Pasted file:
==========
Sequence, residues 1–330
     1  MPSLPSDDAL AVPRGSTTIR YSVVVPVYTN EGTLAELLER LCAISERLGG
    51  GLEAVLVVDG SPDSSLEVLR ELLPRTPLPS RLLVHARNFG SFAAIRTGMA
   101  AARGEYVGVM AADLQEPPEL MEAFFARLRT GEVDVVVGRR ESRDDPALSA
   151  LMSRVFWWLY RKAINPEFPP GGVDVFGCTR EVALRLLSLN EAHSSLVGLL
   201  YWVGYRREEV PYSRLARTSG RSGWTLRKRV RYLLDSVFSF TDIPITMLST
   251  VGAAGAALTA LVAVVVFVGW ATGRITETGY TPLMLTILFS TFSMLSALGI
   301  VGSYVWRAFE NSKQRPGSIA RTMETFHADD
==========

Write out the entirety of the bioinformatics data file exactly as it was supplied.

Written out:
Sequence, residues 1–330
     1  MPSLPSDDAL AVPRGSTTIR YSVVVPVYTN EGTLAELLER LCAISERLGG
    51  GLEAVLVVDG SPDSSLEVLR ELLPRTPLPS RLLVHARNFG SFAAIRTGMA
   101  AARGEYVGVM AADLQEPPEL MEAFFARLRT GEVDVVVGRR ESRDDPALSA
   151  LMSRVFWWLY RKAINPEFPP GGVDVFGCTR EVALRLLSLN EAHSSLVGLL
   201  YWVGYRREEV PYSRLARTSG RSGWTLRKRV RYLLDSVFSF TDIPITMLST
   251  VGAAGAALTA LVAVVVFVGW ATGRITETGY TPLMLTILFS TFSMLSALGI
   301  VGSYVWRAFE NSKQRPGSIA RTMETFHADD